This information is intended to provide only a general overview
Your heart is the most important muscular organ in your body.
It is a two-sided pump that beats about 100,000 times a day (more than 2 billion times in an average lifetime) to keep your blood circulation going.
The right side of the heart pumps blood through the lungs where it picks up oxygen. The left side of the heart receives the blood containing oxygen and pumps the blood to the rest of your body.
Your heart is made of four compartments, called chambers: the two receiving upper chambers known as atria and the two pumping chambers known as ventricles.
Their function is to store the blood and then push it outside.
Four valves control the blood flow to and from the heart chambers. They open and close in a pulsatile way, filling and emptying the atria and the ventricles.
- The aortic and pulmonary valves control blood flow out of the ventricles to other parts of the body.
- The mitral and the tricuspid valves control blood flow from the atria to the ventricles.
Heart valves ensure that blood always flows freely in only one direction and that there is no reverse flow. When the valves fail to move blood properly, the heart cannot efficiently pump blood, which may lead to adverse consequences.
Heart valve disease occurs when the heart valves do not work properly.
It can occur in any single valve or a combination of the four valves, but diseases of the aortic and mitral valves are the most common, affecting more than 100 million people worldwide, thereby constituting, an important public health problem.
The pulmonary and tricuspid valves are less affected by diseases as they are under less stress because the right pumping chamber does not need to generate as much force to push blood to the lungs.
Two types of problems can disrupt blood flow though the valves:
- Valvular Stenosis (or narrowing)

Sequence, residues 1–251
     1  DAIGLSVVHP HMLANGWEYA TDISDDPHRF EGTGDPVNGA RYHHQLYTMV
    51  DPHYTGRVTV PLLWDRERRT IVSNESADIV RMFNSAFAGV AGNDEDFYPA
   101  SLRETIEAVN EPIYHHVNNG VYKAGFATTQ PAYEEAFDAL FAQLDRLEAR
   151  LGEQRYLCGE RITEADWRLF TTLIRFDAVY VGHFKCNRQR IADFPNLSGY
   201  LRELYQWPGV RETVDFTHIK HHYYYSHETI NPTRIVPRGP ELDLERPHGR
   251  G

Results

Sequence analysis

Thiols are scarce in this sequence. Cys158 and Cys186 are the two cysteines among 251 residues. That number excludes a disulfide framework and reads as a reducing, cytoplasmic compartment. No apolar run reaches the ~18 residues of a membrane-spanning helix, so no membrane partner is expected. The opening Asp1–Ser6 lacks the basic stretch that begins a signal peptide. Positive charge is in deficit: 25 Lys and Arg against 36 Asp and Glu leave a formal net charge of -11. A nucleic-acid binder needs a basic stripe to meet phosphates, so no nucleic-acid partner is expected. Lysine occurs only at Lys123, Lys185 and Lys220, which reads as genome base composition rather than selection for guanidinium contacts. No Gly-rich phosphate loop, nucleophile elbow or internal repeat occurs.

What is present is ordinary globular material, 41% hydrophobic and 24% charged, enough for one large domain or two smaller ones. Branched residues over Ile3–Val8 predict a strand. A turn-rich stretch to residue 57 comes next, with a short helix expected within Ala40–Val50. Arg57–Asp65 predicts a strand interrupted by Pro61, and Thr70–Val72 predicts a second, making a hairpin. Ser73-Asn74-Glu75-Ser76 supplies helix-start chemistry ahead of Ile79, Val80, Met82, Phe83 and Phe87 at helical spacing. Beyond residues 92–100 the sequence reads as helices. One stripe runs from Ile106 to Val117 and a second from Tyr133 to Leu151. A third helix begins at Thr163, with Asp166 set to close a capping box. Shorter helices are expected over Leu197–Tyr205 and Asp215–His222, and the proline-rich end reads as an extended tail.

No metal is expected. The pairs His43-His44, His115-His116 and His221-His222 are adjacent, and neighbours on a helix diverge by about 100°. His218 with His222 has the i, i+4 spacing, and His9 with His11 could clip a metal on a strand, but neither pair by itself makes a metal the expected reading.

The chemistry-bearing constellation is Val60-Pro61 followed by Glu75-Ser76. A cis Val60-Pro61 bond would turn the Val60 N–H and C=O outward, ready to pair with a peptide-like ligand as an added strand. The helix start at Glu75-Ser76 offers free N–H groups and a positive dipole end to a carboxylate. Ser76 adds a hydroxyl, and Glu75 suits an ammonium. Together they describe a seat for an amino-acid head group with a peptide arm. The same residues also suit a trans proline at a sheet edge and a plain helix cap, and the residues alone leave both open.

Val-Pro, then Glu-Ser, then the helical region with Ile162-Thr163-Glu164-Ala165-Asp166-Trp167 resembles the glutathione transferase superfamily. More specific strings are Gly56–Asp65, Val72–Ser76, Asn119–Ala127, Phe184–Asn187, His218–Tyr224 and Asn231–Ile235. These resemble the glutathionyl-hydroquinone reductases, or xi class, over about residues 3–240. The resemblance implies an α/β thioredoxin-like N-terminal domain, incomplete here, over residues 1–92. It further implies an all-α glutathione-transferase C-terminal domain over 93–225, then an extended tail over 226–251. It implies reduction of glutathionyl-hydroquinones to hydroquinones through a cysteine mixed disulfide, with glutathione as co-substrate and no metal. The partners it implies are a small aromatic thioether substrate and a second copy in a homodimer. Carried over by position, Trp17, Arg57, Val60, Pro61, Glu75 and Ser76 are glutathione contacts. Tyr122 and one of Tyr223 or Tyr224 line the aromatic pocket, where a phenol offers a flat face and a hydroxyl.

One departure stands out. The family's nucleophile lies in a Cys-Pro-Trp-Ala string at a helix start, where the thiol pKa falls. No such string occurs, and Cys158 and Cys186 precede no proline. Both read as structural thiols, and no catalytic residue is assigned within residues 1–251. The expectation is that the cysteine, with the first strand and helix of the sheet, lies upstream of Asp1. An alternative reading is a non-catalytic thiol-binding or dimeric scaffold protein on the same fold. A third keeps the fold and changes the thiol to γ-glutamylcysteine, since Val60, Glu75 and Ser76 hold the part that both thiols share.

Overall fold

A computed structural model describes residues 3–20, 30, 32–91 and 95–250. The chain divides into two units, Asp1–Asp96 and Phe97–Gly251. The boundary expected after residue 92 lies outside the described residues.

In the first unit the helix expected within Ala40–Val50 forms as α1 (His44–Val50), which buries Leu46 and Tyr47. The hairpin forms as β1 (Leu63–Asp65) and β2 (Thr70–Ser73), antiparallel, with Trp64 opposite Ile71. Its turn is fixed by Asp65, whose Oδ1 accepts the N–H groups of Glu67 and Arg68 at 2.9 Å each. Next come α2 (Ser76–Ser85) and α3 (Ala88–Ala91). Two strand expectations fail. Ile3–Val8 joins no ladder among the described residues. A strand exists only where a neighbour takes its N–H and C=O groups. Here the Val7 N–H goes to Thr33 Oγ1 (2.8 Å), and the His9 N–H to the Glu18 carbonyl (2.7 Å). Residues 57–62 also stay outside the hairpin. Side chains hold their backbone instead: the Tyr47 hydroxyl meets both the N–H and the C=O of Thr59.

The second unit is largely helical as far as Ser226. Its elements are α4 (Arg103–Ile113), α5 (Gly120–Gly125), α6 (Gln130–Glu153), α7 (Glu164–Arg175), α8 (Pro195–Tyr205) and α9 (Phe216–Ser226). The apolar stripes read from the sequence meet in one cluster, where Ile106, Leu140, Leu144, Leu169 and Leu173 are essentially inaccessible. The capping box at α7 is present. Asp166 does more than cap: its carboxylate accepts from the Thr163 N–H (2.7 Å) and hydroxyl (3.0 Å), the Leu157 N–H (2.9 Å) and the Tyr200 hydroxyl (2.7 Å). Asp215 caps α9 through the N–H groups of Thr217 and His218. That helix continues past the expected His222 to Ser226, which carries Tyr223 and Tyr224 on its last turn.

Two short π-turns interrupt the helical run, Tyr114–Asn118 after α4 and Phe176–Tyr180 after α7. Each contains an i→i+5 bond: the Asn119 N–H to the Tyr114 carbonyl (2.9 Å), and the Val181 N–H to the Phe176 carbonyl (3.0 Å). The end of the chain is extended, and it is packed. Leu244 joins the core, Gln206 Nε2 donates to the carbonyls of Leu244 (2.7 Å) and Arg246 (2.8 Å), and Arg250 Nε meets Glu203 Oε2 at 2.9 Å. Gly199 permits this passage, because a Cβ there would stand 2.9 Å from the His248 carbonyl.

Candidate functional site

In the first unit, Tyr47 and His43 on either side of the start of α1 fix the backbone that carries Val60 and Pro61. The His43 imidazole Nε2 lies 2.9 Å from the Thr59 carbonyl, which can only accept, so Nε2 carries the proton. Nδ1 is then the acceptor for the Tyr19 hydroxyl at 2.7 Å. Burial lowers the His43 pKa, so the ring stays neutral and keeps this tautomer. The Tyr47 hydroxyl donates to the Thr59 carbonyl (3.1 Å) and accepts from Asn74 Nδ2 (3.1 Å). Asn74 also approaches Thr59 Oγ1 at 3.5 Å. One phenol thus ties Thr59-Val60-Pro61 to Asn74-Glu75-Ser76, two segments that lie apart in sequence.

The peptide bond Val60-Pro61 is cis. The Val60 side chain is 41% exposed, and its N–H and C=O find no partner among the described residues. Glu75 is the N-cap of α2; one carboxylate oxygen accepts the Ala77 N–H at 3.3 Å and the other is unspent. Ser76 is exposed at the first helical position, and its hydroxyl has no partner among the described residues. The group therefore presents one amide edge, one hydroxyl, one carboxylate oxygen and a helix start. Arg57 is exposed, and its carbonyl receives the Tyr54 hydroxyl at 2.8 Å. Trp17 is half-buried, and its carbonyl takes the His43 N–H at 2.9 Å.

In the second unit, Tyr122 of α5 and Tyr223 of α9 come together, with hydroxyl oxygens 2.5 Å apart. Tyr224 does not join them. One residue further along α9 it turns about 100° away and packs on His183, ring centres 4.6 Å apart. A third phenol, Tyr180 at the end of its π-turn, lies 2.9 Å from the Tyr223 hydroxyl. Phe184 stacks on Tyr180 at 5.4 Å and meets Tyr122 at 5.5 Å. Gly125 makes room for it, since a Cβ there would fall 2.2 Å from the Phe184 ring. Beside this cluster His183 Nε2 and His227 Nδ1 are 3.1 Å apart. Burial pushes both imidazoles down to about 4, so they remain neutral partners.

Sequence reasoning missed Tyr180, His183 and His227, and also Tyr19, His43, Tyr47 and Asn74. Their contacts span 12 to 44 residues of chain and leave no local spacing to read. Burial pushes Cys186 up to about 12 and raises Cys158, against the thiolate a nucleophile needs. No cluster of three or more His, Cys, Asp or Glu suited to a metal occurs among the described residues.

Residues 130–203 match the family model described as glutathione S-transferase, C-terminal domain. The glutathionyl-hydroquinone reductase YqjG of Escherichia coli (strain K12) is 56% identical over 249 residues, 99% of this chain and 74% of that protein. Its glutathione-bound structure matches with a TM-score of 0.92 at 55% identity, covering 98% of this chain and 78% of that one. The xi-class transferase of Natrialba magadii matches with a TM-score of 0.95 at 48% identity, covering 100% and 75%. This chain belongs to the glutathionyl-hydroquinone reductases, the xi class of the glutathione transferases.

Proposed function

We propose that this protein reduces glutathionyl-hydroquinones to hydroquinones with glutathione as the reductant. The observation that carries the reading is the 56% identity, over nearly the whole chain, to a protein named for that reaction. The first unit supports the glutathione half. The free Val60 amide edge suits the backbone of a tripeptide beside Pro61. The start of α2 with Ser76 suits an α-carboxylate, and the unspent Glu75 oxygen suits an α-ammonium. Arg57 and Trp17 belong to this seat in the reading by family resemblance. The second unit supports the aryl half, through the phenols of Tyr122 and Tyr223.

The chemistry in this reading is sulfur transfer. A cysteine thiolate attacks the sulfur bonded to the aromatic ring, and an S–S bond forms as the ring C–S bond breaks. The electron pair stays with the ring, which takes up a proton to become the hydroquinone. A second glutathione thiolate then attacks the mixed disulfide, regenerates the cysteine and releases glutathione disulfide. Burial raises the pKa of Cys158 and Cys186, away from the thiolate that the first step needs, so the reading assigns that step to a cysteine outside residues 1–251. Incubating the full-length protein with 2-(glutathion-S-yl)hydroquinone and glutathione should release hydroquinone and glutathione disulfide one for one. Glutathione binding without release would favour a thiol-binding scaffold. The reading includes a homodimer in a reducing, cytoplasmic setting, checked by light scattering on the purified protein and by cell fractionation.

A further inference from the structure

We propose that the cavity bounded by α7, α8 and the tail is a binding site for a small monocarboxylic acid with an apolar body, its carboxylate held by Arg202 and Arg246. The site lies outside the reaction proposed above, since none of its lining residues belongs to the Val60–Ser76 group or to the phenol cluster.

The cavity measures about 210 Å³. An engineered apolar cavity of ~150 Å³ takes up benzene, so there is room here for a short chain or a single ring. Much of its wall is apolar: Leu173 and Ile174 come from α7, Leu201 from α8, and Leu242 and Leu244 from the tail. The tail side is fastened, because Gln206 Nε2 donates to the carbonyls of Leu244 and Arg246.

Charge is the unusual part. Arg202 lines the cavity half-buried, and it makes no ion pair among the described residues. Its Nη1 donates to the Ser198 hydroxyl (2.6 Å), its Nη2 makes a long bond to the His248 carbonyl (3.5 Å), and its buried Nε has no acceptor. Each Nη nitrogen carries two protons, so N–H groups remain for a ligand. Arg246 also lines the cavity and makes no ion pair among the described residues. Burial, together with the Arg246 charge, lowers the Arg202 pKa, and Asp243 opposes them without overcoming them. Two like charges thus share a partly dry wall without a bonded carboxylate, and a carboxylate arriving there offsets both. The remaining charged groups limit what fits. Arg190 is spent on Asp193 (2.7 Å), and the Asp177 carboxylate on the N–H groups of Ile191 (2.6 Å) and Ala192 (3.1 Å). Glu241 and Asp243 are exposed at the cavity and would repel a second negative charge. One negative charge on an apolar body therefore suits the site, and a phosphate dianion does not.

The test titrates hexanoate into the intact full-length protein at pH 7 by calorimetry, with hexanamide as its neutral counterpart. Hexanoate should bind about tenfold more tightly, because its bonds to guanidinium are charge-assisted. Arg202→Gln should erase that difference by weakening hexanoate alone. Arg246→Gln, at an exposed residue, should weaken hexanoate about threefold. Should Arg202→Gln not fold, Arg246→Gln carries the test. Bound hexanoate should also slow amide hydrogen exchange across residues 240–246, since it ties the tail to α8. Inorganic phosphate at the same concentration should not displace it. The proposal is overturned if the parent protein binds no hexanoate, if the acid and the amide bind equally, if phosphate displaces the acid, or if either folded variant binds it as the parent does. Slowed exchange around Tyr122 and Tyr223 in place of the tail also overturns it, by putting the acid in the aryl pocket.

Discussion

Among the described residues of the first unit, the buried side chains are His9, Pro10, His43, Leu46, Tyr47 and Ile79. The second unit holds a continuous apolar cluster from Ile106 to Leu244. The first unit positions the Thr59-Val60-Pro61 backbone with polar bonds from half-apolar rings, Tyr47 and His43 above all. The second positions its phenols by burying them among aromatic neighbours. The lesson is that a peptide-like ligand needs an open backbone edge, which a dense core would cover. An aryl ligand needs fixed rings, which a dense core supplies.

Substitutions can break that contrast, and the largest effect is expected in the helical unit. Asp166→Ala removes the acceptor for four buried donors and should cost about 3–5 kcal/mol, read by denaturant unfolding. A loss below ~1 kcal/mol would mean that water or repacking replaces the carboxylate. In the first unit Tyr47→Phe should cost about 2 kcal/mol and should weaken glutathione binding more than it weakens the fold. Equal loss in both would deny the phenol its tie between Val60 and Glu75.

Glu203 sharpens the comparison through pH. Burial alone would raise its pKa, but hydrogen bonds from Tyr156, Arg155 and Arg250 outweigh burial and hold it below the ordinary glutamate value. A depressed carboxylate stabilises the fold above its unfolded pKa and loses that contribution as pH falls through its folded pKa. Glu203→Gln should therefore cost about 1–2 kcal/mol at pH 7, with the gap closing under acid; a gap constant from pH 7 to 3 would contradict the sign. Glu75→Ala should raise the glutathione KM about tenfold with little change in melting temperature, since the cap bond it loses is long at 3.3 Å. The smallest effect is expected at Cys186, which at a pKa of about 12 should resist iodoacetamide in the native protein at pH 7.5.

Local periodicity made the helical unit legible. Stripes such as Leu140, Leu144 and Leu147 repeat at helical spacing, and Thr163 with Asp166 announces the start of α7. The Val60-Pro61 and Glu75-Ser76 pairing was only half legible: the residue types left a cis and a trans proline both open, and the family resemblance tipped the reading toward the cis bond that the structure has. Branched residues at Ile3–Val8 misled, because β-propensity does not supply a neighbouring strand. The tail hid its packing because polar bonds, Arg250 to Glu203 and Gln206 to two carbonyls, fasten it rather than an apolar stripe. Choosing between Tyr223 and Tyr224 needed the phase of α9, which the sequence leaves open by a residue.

Happens when a valve does not open wide enough and only a small amount of blood can flow through the valve. Because of a narrowed valve, your heart must work harder to pump the same quantity of blood through your body.
- Valvular Regurgitation (or insufficiency)
Happens when a valve does not close properly and blood leaks backward instead of moving in the proper one-way flow. Because of an insufficient valve, less blood can flow to the rest of your body and your heart must work harder to pump the same quantity of blood through your body.
Valve disease can develop before birth (congenital) or can be acquired sometime during one’s lifetime (related to age or brought on by another condition).
The cause of valve disease is most likely linked to one of the following:
- Congenital defects
The most common congenital heart defect is a valve where only two leaflets grow instead of the normal three (called a “bicuspid valve”). Over the years, this defect generally leads to aortic valve stenosis.
- Age-related valve disease
The most common and serious age-related valve diseases are:
- Aortic valve stenosis resulting from calcification: calcium amasses in the heart over the course of a lifetime, damages the valve and restricts the amount of blood flowing through the valve.
- Mitral valve regurgitation resulting from myxomatous degenerative valve disease.
- Related illnesses and other conditions
Rheumatic heart disease is the world’s most common acquired cardiovascular disease, mostly affecting emerging economies. It is caused by rheumatic fever, an illness that sometimes occurs after untreated strep throat or scarlet fever. This illness is most common in children ages 5–15 but can develop in adults.